BRUSSELS — European antitrust regulators on Wednesday charged the Russian energy giant Gazprom with abusing its dominance in natural gas markets, a move amounting to a direct challenge to the authorities in Moscow.
The European Commission, the European Union’s executive arm, said that unfair pricing might have resulted in higher gas prices in Bulgaria, Estonia, Latvia, Lithuania and Poland, which have long been wholly or substantially dependent on Russian gas. In those countries, the commission said, Gazprom was suspected of charging wholesalers prices that were significantly higher compared with the company’s costs or to benchmark prices.
The commission also suspects Gazprom of quashing competition by restricting gas flows to some parts of Europe. Gazprom seems to be “pursuing an overall strategy to partition Central and Eastern European gas markets, for example by reducing its customers’ ability to resell the gas cross-border,” the commission said.
The commission also said that Gazprom might have been leveraging its dominant market position in Bulgaria and Poland by making supplies of gas conditional on those countries’ participating in infrastructure plans such as building a new pipeline route to Europe under the Black Sea.
“Keeping national gas markets separate also allowed Gazprom to charge prices that we, at this stage, consider to be unfair,” said Margrethe Vestager, the European Union’s competition commissioner.
“If our concerns were confirmed, Gazprom would have to face the legal consequences of its behavior,” she said.
The charges make it more likely that Gazprom could eventually face a fine theoretically running higher than 10 billion euros, or about $10.7 billion. But the larger worry for Gazprom is the prospect of being forced to allow more competition in markets it has long controlled. Russia supplies about one-third of the European Union’s natural gas.A couple points need to be made. First, Gazprom is synonymous with the rebirth of the Russian state under Putin. With the success of Gazprom you have the success of Russia with Putin at the helm. I am a believer in Russia; therefore, ten years ago, wanting to express this belief, I decided to become a shareholder in Gazprom.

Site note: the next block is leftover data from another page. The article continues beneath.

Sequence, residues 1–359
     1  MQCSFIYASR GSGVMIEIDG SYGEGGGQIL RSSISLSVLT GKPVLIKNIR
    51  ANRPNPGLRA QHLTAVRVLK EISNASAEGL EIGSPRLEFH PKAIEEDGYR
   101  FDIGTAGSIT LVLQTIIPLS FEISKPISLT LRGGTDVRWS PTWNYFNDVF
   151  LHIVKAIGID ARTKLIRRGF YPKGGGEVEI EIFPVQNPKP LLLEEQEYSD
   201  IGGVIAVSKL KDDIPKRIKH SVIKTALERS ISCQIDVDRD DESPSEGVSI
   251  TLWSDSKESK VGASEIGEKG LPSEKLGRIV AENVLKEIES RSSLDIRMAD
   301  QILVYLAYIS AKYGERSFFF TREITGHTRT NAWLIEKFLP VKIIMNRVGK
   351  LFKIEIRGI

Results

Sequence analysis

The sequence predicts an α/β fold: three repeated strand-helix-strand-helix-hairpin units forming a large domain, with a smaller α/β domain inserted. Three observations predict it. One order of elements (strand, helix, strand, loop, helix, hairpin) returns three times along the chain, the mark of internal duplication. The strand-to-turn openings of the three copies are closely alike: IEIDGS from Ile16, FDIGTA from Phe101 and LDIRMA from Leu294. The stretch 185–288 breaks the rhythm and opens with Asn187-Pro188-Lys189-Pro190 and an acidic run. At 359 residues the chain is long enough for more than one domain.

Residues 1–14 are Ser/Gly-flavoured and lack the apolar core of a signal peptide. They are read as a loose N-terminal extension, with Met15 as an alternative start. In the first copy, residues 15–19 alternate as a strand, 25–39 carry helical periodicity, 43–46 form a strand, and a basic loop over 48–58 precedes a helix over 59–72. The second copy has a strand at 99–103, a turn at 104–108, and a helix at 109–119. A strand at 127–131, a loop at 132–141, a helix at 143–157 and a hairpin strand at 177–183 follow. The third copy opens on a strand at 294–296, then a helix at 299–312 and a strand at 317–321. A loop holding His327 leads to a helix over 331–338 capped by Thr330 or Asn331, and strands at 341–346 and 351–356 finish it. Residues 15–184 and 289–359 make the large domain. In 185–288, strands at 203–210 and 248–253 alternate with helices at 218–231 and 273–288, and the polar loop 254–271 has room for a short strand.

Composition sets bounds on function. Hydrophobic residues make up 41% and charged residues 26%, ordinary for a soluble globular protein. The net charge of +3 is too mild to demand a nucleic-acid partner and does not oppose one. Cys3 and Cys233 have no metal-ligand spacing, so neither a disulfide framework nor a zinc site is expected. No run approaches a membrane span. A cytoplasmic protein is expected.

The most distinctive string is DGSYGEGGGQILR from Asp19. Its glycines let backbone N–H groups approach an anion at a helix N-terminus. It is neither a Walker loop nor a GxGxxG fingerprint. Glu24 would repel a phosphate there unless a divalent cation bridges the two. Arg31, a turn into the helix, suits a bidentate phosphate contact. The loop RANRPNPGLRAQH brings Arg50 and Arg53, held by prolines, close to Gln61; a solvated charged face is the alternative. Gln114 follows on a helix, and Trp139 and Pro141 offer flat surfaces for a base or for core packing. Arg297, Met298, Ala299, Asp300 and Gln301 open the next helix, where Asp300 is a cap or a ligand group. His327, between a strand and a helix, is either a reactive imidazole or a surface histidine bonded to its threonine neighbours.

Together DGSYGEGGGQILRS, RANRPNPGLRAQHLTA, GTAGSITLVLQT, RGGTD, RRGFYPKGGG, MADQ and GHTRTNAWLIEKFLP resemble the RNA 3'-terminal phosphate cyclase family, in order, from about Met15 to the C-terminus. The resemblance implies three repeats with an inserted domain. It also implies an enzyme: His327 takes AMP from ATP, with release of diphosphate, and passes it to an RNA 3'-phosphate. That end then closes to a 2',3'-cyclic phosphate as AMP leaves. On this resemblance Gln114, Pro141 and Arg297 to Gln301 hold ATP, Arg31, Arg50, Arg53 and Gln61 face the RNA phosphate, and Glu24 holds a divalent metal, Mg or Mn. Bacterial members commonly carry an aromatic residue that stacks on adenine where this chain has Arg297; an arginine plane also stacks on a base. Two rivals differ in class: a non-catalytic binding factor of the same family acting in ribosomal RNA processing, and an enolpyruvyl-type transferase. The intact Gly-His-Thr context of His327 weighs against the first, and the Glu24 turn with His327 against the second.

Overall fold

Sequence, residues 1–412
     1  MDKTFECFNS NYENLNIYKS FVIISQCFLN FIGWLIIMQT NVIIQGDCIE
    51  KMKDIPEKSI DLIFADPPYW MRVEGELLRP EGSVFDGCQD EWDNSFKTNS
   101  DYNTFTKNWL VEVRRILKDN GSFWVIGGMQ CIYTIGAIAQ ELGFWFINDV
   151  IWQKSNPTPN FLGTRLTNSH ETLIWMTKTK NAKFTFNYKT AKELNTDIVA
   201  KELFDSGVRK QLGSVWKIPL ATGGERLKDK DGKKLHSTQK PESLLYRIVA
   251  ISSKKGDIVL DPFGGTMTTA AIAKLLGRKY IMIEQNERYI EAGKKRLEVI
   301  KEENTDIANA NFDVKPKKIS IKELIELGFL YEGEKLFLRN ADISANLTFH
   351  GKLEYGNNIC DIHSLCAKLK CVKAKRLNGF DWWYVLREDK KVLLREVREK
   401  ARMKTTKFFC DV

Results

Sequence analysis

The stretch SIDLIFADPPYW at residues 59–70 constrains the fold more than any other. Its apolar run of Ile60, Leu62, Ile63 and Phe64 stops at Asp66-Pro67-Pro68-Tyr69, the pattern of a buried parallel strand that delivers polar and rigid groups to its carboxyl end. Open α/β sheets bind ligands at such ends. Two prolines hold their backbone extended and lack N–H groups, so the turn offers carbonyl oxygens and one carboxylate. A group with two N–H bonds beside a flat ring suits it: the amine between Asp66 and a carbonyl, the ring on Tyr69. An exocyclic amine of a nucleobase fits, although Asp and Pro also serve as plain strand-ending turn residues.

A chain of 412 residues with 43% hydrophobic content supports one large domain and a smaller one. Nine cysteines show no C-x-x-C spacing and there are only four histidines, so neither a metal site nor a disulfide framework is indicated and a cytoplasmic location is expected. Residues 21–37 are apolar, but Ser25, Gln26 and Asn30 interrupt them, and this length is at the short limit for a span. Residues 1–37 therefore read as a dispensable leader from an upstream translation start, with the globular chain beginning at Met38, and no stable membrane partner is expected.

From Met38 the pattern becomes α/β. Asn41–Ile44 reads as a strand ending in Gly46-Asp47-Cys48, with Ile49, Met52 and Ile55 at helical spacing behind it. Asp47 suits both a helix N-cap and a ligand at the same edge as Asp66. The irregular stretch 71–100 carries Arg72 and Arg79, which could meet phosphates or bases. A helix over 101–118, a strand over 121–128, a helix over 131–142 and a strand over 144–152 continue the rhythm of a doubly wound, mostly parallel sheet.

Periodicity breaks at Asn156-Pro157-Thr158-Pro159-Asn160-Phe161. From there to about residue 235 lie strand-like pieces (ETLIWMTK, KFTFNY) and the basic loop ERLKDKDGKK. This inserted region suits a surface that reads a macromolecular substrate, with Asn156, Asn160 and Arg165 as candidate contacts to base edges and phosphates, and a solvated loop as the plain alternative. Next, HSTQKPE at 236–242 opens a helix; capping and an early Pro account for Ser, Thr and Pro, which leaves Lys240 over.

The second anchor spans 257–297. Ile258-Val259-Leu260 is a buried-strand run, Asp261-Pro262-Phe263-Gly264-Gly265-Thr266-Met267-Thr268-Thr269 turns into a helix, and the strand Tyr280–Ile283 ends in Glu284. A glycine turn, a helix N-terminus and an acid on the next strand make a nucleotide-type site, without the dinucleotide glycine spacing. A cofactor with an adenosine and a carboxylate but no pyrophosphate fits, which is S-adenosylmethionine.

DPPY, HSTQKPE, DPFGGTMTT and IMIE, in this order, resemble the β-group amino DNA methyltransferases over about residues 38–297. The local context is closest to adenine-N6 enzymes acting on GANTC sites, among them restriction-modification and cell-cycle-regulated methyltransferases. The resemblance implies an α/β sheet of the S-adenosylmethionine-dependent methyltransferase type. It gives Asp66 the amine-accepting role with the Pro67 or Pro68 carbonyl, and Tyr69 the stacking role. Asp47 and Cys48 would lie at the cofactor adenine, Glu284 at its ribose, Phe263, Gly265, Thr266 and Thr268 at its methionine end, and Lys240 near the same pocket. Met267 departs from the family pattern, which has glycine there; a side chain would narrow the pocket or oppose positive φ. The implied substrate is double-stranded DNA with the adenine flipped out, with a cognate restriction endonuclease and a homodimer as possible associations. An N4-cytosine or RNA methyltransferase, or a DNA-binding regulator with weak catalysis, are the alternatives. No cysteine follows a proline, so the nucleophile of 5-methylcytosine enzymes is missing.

Gazprom said in a statement that it “considers the objections put forward by the European Commission to be unfounded.”
Point two: Up until now, despite all the fighting in Ukraine, the destruction of the country's industrial heartland by the junta in Kiev, the myriad U.S. and EU sanctions, it has been hands off Gazprom, with a few exceptions: some financial restrictions placed on dealings with Gazprombank, a ban on the export of cutting-edge drilling technology, and the vetoing of the South Stream pipeline under the Black Sea bypassing Ukraine.
Now all that changes. James Kanter had a longer piece yesterday on the EU antitrust case, "Europe Is Expected to Bring Antitrust Charges Against Gazprom," where, even from within the standard Russophobic confines purveyed by The New York Times, he guided his readers to the end game being played here by Brussels officials -- backflow to Ukraine:
The larger worry for Gazprom would be the prospect of being forced to allow more competition in markets it has long controlled. The company, for example, could eventually have to drop conditions in its contracts that restrict those utilities’ power to share the gas with other countries. That would give individual countries more control over whether they consume all the gas themselves or sell some of it on to other countries, including Ukraine, something Gazprom has opposed.An EU antitrust against case Gazprom has been hanging out there for years. Why now? I would imagine it has something to do with the deal Russia is negotiating with Greece on a pipeline. Russia could then forward cash to the Syriza-led government that would provide it with some much-needed leverage against the ghoulish troika.
I would also speculate that the antitrust case provides more proof that Ukraine as presently ruled by the junta in Kiev is not a viable state; many structural changes need to be engineered by the U.S./EU to make it one, and the ability for EU members to backflow Russian gas is key.